Blackwater National Wildlife Refuge visitor center offers enhanced experience

(Karl Merton Ferron, Baltimore…)
September 29, 2014|By Karen Nitkin | For The Baltimore Sun

On a low-humidity puffy-cloud summer day, 8-year-old Zach Green of Gaithersburg rode a bicycle along the 5-mile Wildlife Drive in the Blackwater National Wildlife Refuge in Cambridge with his mother, Becky Green, and his grandmother, Andrea Adler, who lives in Bethesda.

The three stopped at the first observation site along the drive, propped their bikes on kickstands and began walking up a short boardwalk to the spot where two sets of binoculars were available for searching the marshy grasses and slow-moving Blackwater River. Though they were at the beginning of the bike ride, the family was already pleased with the adventure.

"It's a beautiful spot," said Adler. "A hidden gem," agreed her daughter.

"I saw this bird in the water," Zach announced.

Speaking almost in unison, his mother and grandmother asked him to tell what kind of bird he had seen.

"I don't know," said Zach.

"Yes you do," said his mother and grandmother, again speaking virtually in stereo.

"A blue heron," said Zach.

The Blackwater National Wildlife Refuge, about a two-hour drive from Baltimore, is a stunning 28,000-acre expanse of grass, water and sky, alive with geese, ducks, osprey, heron and other wildlife. From November to March, when the waterfowl are migrating, it's not unusual to see thousands of geese at a time, said Michele Whitbeck, a U.S. Fish and Wildlife employee who coordinates volunteers for Blackwater.

The wildlife refuge is also one of the top eagle-watching destinations on the East Coast, and it's a family-friendly place to walk, bicycle, and canoe or kayak.

A recent renovation of the visitors center added parking space, a new wing, a wall of windows and interactive exhibits, making it a destination in its own right. A geothermal heating system also has been added, said Ray Paterra, visitor services manager for Blackwater, adding that solar panels will be installed soon.

For three years during the renovation, the visitors center was in smaller temporary housing elsewhere on the refuge. The expanded visitors center opened in December, but the exhibits were not completed until the end of July.

The building renovation and parking lot expansion cost about $1.5 million, said Paterra; the exhibits cost about $350,000, and the geothermal system had a price tag of about $450,000. Funding came from the U.S. Fish and Wildlife Service, Friends of Blackwater NWR, the Maryland Heritage Area Authority and federal highway funds, which were administered by the state, said Paterra.

The new wing has multipurpose rooms that can hold about 125 people for presentations and speakers. It was heavily used during Blackwater's annual Eagle Festival held in March, said Whitbeck.

One new exhibit shows the three habitats of the refuge — forest, marsh, and shallow open water. Another shows how Blackwater protects and keeps track of endangered Delmarva fox squirrels. Other exhibits detail the work that's done to preserve habitats, despite challenges including invasive plants and rising sea levels. There's also a mirror, surrounded by suggestions of what visitors can do to help, such as recycling, planting trees and reducing fossil-fuel use.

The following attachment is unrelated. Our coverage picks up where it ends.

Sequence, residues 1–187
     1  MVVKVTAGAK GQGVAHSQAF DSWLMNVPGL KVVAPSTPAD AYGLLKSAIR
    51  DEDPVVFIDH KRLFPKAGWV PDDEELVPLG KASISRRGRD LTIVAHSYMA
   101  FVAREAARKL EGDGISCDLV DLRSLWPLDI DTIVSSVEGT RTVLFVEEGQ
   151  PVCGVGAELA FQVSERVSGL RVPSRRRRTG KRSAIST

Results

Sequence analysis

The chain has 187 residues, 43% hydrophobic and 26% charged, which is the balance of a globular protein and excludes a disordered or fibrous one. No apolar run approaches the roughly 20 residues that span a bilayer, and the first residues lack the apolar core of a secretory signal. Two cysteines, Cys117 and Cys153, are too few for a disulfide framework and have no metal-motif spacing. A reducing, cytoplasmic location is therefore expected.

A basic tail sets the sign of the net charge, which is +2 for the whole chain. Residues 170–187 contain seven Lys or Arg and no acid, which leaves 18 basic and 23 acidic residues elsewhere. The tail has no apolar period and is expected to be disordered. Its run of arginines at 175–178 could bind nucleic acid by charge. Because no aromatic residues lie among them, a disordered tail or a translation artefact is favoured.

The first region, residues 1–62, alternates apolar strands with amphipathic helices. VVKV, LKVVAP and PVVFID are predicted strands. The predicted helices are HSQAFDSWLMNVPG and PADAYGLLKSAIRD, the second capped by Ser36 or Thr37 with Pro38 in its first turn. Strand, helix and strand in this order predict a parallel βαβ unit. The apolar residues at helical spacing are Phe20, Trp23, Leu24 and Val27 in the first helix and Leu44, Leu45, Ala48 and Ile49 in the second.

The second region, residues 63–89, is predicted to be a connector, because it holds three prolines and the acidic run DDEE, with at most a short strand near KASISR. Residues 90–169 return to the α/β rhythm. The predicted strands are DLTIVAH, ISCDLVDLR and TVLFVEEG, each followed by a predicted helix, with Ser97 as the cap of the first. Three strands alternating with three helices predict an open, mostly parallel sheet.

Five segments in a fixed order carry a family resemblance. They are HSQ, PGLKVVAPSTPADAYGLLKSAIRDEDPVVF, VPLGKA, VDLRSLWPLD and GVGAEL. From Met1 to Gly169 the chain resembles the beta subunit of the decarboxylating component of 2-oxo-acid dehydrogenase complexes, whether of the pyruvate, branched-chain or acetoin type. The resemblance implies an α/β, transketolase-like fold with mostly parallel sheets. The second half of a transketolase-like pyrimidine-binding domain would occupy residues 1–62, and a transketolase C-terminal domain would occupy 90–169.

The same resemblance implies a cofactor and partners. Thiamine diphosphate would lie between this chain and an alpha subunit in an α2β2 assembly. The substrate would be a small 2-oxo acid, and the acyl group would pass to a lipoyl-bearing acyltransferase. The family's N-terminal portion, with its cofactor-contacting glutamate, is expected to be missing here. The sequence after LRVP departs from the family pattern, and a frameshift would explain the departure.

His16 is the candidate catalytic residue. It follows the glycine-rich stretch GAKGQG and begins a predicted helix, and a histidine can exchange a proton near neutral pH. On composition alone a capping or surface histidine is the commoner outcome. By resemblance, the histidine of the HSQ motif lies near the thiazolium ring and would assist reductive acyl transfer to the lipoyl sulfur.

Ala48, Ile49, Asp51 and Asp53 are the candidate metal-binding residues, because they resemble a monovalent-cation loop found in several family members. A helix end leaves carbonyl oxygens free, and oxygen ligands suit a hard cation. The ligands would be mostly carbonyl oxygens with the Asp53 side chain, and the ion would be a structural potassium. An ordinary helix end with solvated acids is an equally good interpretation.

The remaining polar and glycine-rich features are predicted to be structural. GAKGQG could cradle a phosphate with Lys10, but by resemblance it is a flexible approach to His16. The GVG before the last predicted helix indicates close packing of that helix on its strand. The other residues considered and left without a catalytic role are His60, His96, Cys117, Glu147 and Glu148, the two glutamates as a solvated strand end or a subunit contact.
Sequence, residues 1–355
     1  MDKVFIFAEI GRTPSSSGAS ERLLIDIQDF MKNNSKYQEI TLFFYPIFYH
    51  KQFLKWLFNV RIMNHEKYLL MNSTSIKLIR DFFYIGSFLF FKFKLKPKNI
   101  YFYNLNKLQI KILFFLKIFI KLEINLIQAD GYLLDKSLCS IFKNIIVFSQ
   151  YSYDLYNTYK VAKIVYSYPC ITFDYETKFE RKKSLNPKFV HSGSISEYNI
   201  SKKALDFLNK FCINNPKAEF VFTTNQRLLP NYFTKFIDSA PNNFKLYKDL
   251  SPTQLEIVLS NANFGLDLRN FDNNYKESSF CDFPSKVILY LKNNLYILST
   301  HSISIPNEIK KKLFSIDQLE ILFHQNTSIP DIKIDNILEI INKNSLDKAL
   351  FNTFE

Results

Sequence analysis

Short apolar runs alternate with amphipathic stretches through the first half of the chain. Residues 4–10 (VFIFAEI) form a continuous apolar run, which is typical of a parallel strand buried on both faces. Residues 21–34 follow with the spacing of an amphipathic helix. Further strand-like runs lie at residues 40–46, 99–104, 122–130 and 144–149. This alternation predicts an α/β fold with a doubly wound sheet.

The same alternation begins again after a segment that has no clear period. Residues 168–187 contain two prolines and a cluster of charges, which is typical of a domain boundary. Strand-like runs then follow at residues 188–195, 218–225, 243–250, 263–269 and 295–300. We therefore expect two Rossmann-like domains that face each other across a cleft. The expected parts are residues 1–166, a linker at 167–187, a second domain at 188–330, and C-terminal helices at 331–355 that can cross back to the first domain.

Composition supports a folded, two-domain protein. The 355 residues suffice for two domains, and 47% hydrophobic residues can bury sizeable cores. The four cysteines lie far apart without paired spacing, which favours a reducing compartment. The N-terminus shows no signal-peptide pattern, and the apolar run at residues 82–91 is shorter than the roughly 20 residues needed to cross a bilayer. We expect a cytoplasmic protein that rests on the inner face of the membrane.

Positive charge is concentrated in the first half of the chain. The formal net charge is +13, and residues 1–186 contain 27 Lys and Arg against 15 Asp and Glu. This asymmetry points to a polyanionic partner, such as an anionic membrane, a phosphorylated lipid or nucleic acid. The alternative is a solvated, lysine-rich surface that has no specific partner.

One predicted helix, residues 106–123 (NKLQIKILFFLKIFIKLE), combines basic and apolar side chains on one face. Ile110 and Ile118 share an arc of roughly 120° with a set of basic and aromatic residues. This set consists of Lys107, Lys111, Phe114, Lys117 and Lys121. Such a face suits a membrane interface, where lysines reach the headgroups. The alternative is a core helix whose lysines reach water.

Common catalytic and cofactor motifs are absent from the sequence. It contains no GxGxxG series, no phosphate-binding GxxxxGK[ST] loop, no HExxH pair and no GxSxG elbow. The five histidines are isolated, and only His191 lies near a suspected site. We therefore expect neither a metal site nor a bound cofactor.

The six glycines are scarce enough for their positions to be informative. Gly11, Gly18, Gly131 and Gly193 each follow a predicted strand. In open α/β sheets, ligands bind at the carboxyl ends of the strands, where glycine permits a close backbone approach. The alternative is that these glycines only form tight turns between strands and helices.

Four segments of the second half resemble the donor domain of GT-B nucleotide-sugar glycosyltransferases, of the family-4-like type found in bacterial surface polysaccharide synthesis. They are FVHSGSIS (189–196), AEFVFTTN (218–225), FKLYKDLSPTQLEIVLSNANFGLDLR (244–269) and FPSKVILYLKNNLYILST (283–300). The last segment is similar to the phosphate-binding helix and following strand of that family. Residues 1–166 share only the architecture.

When guests walk into the renovated building, they see four large banners hanging in the breezeway, giving information about the refuge, its history, and how it fits into the larger national system. Straight ahead is the centerpiece, a large wall of windows that looks out across the yellow-green of late-summer grasses and the shimmering gray-blue of river. Also visible is a bustling butterfly and insect garden.

"In the fall and winter, we can see the ducks and geese flocking," says Whitbeck. "It's really a great view."

To the right is the gift shop and bookstore run by the Friends of Blackwater NWR, a nonprofit that raises money for the refuge. A majestic stuffed bald eagle is flanked by two television screens, one showing a live video of an osprey nest and the other showing a live feed of Bald Eagle nest. (Both of the feeds can be accessed online, at http://www.friendsofblackwater.org/camcentral.html.) Upstairs is another great view, plus other stuffed waterfowl.

"We walked through [the center] and we thought it was interesting," said Regina Good, who lives in Federalsburg and was visiting the center for the first time with her five children: Destiny, 12; Cambri, 10; Alexa, 7; Kierra, 3; and Dakota, 13 months. The children enjoyed the butterfly garden, and the family was hoping to see an eagle, she said.

Blackwater is part of a national system of wildlife refuges that dates to 1903, when President Theodore Roosevelt established a Federal Bird Reservation on Florida's Pelican Island. Today, the refuge system has 560 locations in all 50 states, with more than 150 million protected acres. Blackwater dates to January 1933, when it became part of an Atlantic Flyway of national wildlife refuges providing resting spots for migrating waterfowl. At the time, it had just 8,000 acres, the exhibits explain.

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